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I am a beginner in programming. I need to program a mutualism model of two species in python that would solve and graph using the following equations:

$$ \frac{dN_1}{dt} = N_1(r_1 - e_1N_1 + \alpha _{12} N_2) $$ and $$ \frac{dN_2}{dt} = N_2(r_1 - e_1N_2 + \alpha _{21} N_1) $$

$N_1$ is the population of Species 1. The values of $\alpha_{12}$ is the effect of Species 1 on Species 2 (vice versa) and would vary from 0-2. Meanwhile, $r_1$, $r_2$, $e_1$, and $e_2$ have fixed values.

I tried to make a similar code as the Lotka-Volterra Model, but it didn't work.

import numpy as np
from scipy.integrate import odeint
import matplotlib.pyplot as plt

# parameters
r1 = 1.0  #fixed
r2 = 0.5  #fixed
e1 = 1.0  #fixed
e2 = 0.75 #fixed

alpha12 = 1.5 #vary from 0-2
alpha21 = 1 #vary from 0-2

N1_0 = 1
N2_0 = 1

# store initial values in an array
X0 = [N1_0,N2_0]

# The two equations are contained in dX
def mutualism(X,t):
  N1, N2 = X
  dX = np.zeros(2)
  dX[0] = N1 * (r1 - (e1 * N1) + (alpha12 * N2)) # equation for dN1/dt
  dX[1] = N2 * (r2 - (e2 * N2) + (alpha21 * N1)) # equation for dN2/dt
  return dX

# set time length
t = np.linspace(0,100,300)

X = odeint(mutualism,X0,t)

N1 = X[:,0]; N2 = X[:,1]

plt.plot(t,N1, color='blue', lw=3)
plt.plot(t,N2, color='red', lw=3)
plt.show()

Can anyone advise me on what I'm doing wrong and how I could improve the code?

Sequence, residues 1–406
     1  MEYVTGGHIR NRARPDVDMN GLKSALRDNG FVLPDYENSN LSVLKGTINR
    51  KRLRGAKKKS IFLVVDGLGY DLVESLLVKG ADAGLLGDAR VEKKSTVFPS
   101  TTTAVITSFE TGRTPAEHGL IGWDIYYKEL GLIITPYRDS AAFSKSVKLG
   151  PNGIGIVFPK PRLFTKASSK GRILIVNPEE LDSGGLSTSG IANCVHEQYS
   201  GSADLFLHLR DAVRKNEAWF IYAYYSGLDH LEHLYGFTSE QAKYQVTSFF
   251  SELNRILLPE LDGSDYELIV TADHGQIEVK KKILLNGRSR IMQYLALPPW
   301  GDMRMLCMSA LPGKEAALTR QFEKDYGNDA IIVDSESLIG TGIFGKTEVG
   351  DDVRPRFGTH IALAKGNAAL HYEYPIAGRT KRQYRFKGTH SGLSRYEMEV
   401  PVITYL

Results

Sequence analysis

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  • $\begingroup$ @LutzLehmann hello! r1 and r2 denote the respective growth rates of the populations. These equations were given to me, so I need to work around it unfortunately. $\endgroup$ Nov 15, 2021 at 19:30
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    $\begingroup$ The alpha terms are a positive feed-back to the growth of the other species, together this gives super-linear growth in both, with a divergence to infinity shortly after t=1.5. There is nothing wrong with the code, just with the model. $\endgroup$ Nov 15, 2021 at 20:07
  • $\begingroup$ @LutzLehmann I see! I was wondering why it seemed to bug after a certain point. Thank you for the insight, it was very helpful. $\endgroup$ Nov 15, 2021 at 20:19

1 Answer 1

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Looking at the documentation at scipy, they recommend to use scipy.integrate.solve_ivp rather than scipy.integrate.odeint as can be seen here.

I changed hence the function and rearranged it a little bit.

import numpy as np
from scipy.integrate import solve_ivp
import matplotlib.pyplot as plt

# parameters
r1 = 1.0  #fixed
r2 = 0.5  #fixed
e1 = 1.0  #fixed
e2 = 0.75 #fixed

alpha12 = 1.5 #vary from 0-2
alpha21 = 1 #vary from 0-2

N1_0 = 1
N2_0 = 1

# store initial values in an array
X0 = [N1_0,N2_0]

# The two equations are contained in dX
def mutualism(t,X):
  N1, N2 = X
  dX = np.zeros(2)
  dX[0] = N1 * (r1 - (e1 * N1) + (alpha12 * N2)) # equation for dN1/dt
  dX[1] = N2 * (r2 - (e2 * N2) + (alpha21 * N1)) # equation for dN2/dt
  return dX

# set time length
t = np.linspace(0,1.6,100)

X = solve_ivp(mutualism,t[[0,-1]],X0,t_eval=t)

N1 = X.y[0]
N2 = X.y[1]
t_fin = X.t

plt.plot(t_fin,N1, color='blue', lw=3)
plt.plot(t_fin,N2, color='red', lw=3)
plt.show()

This gives me the following plot. (Not sure if this is what you wanted since I dunnot really know the mutualism model.

enter image description here

As stated in the comments, we obtain a singularity at t~=1.5 which tends to infinity. Therefore the code only goes a little bit above that value.

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  • $\begingroup$ This worked, thank you! $\endgroup$ Nov 15, 2021 at 16:46
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    $\begingroup$ I've just added your corrections @LutzLehmann with the updated plot. $\endgroup$
    – coyote
    Nov 16, 2021 at 8:50

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